Friday, July 26, 2013

Fish Rodeo

It’s all fun and games…

until someone wrecks their right ear by  diving too deep hunting clams and can’t equalize because of a sinus infection.   

I’ll back up.

Last summer, we collected 4 species of fish along with some clams and snails at each of our 12 survey sites, cut out a little piece of their muscle, and prepped the dry, ground powder for stable isotope analysis. It basically tells us who’s eating what (or whom, as the case may be) in the lake, and based on those data, it would appear that the food chain is getting shorter (gasp!).
A Perissodus, one of our target species! Their foraging strategy is to EAT SCALES OFF OTHER FISH (what the what!), so they (usually) manage to catch themselves in the net when they prey on other net-victims.
To convince ourselves that it’s real, we’re re-doing the entire survey this summer. Pete has years of experience wrangling fish, but I’m new to this game and have marginal (at best) skills to bring to the team. To date, I’ve only caught one Lepidiolamprologus (!), and Pete has captured the other 83 fish solo (I’m such a failure!). But since we still have 5 sites to go, I’m counting on the chance to improve my stats in the 11th hour.
Pete, doing what he does
My supposed contribution was to collect the clams and snails, and usually this isn’t too hard since even in my ineptitude, I’m brilliant at hunting things that don’t move too fast or too much.  But clams were hard to come by at certain sites, and I ended up freediving a bit deeper than I’m (apparently) capable of going. The clotty blood in my spit was a sign that all was not well up in my sinuses. That, and the fact that it felt like someone was stabbing me in the ear with a sharp object every time I went under.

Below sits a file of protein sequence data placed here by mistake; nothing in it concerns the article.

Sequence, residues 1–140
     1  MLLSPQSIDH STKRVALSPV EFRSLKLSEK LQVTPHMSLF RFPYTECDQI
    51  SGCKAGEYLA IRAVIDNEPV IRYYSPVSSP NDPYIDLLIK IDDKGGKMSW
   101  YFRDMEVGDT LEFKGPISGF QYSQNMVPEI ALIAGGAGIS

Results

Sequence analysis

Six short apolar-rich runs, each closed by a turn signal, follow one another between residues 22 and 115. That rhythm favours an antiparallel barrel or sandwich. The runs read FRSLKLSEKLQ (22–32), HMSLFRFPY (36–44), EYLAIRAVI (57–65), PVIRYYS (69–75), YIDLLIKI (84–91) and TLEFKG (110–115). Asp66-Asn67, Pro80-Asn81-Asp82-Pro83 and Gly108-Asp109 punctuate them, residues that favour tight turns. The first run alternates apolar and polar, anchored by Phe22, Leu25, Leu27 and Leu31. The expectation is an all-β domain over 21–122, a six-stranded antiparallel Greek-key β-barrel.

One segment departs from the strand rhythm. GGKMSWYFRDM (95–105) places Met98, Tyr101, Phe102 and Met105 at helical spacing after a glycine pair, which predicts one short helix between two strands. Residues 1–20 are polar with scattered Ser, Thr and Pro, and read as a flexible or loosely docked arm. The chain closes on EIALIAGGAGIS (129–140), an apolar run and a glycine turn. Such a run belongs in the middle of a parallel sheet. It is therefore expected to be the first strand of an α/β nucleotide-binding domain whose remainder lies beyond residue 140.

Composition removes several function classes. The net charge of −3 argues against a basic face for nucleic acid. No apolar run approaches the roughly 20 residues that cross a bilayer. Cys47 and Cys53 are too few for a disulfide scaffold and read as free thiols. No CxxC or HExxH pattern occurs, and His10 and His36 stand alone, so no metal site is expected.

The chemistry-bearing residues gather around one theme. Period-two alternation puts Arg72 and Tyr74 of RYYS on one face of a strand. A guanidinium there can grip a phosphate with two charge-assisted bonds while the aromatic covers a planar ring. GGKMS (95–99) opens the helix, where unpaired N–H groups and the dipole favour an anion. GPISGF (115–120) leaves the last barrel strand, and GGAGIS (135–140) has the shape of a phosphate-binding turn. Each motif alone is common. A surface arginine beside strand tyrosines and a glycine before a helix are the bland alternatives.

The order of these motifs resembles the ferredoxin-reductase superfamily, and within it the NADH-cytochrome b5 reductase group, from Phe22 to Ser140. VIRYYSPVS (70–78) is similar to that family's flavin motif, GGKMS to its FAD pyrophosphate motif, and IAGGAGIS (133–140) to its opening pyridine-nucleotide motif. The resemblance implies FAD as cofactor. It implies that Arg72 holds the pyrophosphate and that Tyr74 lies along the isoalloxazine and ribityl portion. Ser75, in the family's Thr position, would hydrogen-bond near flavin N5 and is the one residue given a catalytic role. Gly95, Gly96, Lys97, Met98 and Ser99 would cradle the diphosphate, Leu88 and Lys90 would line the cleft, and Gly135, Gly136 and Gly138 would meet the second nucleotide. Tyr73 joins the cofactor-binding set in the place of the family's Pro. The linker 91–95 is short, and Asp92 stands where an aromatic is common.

It's no big deal when they're nice and shallow, but that's not always the case.
Luckily my far-sighted teammates were ready for such an event, so I’ve been bumming ear meds from buddies and trying to keep my face out of the water in the meantime. 

Fish rodeo days get kind of long, especially when most of the cutting and tagging occurs after dinner. We’re pickling these guys and bringing them back to the States with us, so if you want to see them up close and personal, come to the Zoology Museum in Madison this fall! 
Since death by hammer awaits my unlucky victims, these clams have good reason to remain evasive.
As for the food chain question, we won’t have stable isotope data in hand for quite awhile...but it would appear that big changes have occurred in this lake in the past 10 years. Stay tuned.

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